Lead Story

Tulsi Tanti built his empire on 'soojh-boojh', loans and one other secret ingredient

Through thick, thin and terrible, the Suzlon Energy promoter has displayed the ability to charm banks and retain control 

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Published a year ago on Jul 18, 2020 19 minutes Read

The ultimate superpower, if you think about it, is the power to influence. Therefore, Dale Carnegie’s 1936 book on cultivating this superpower has a loyal following. The book’s tips include remembering to smile, giving sincere and honest appreciation, and arousing in the other an intense want. So, you don’t need to shoot webs out of wrists; your smile can charm Spidey into doing it. With it, you don’t need to fight crime in a bat costume; you can simply pick the right ‘thank you’ card to send Batman. Or, with it, you don’t need to be rich; you can trigger a compelling want in a rich friend, like a banker, to get him or her to spend for you.

Lead Story

When Wind Met Sun

In 2015, Dilip Shanghvi raised eyebrows when he invested ₹18 billion in Suzlon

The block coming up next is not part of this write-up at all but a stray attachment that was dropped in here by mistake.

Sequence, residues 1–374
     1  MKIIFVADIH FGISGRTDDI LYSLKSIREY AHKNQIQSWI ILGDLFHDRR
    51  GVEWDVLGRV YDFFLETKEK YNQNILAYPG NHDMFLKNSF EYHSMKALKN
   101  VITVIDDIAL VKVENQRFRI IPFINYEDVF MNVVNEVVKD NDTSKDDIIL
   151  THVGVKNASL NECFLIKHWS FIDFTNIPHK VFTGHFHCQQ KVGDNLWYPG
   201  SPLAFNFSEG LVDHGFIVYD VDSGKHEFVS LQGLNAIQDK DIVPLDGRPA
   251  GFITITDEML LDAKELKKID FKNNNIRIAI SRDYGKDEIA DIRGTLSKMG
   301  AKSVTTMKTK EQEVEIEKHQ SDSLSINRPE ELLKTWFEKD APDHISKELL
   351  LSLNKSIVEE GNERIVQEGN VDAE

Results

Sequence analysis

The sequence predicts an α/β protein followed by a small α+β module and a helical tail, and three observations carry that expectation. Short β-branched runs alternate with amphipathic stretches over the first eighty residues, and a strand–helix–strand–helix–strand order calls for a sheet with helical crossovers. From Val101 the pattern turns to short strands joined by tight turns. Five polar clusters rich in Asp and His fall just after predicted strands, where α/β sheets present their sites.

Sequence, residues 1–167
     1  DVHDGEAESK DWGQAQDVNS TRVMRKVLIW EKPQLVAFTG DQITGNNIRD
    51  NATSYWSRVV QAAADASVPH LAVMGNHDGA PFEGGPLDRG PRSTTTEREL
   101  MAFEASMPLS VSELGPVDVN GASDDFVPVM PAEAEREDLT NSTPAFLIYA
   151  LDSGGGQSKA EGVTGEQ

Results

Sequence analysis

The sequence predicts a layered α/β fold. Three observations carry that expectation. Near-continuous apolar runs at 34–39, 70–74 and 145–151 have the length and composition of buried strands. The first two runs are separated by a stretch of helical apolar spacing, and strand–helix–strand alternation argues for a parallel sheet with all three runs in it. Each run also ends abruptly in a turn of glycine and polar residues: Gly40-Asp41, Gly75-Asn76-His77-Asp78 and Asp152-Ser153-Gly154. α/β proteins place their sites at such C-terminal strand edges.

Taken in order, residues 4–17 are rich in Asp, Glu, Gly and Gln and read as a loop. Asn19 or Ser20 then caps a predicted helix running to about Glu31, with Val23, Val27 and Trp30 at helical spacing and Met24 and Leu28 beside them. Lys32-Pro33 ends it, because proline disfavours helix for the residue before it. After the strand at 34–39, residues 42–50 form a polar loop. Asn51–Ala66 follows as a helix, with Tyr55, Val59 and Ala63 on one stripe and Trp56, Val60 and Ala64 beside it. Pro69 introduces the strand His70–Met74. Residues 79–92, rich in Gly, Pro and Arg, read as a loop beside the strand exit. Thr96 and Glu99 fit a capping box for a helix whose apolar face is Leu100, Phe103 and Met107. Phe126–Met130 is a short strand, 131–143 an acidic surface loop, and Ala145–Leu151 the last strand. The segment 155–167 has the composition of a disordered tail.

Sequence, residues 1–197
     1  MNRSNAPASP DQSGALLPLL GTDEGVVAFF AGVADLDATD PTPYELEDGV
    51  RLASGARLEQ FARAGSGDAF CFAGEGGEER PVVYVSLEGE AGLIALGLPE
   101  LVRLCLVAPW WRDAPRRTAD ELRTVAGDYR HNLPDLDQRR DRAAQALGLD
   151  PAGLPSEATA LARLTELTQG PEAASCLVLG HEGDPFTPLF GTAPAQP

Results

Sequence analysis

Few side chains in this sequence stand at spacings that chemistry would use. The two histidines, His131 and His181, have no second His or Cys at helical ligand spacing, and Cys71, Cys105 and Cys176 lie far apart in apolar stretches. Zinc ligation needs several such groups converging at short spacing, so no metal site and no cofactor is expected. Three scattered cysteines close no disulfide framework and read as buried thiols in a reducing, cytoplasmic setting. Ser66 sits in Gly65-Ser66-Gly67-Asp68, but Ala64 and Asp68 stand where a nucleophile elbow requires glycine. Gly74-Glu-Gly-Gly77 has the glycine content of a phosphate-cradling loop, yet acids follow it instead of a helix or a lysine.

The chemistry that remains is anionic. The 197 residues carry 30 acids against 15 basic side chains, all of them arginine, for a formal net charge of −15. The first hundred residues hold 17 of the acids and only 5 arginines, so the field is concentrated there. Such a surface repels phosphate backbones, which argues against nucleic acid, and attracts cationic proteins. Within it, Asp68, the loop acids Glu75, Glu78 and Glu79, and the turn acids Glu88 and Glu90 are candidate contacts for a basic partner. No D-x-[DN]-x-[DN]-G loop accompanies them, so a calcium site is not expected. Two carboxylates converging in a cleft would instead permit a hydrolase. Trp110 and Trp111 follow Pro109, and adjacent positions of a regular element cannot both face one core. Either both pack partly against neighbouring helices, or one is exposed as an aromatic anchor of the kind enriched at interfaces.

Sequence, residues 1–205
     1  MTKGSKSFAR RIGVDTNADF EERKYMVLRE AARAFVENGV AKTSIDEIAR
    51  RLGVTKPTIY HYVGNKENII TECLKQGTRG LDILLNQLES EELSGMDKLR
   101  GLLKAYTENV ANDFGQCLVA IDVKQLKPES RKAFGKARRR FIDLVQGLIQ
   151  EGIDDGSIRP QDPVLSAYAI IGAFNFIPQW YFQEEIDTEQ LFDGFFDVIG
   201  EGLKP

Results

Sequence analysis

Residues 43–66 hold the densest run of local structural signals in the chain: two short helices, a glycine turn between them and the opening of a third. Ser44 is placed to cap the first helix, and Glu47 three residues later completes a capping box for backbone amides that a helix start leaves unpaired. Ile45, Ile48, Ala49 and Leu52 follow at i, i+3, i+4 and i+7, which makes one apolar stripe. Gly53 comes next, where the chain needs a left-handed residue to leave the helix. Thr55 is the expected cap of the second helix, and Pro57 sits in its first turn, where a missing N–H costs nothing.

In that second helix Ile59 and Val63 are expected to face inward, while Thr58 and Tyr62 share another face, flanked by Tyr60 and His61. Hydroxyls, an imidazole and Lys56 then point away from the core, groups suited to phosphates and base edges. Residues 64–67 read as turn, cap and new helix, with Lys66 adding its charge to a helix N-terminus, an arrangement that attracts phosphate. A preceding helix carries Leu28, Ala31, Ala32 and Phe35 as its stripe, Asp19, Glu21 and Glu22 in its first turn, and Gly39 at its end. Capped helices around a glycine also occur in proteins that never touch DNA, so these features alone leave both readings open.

Five years ago, Sudhir Valia was in a happy state of mind when he spoke to this magazine and made no attempt to conceal it. It had been barely two months since Dilip Shanghvi Family and Associates (DSA) picked up 23% stake in Suzlon Energy at Rs.18 per share in early 2015. Eyebrows were understandably raised about what Shanghvi, the founder of Sun Pharmaceuticals saw in the heavily indebted wind turbine maker as he cut a cheque for Rs.18 billion. That preferential allotment would eventually reduce the holding of the Tanti family from 30.94% to 24%, though control was to remain with them. It was also decided that DSA and Suzlon would form 50:50 joint venture for the development of 450 MW wind farms.  More importantly, the money would come in handy to reduce Suzlon’s debt, which was now at a whopping Rs.170 billion. 

Perspective

Equity has gone with the wind, but debt is eternal at Suzlon

Founder Tulsi Tanti has found it hard to shake off the sins of commission committed during 2005-08

While founder Tulsi Tanti made a name for himself and his company Suzlon by being one of the first movers in wind energy in India, his bold audacious attempts to catapult the company into a higher orbit ended up dragging it down into an financial crisis, more than once. It’s been more than a decade of struggled existence as Tanti has found it rather hard to shake off the sins of commission committed during the go-go years of 2005-08.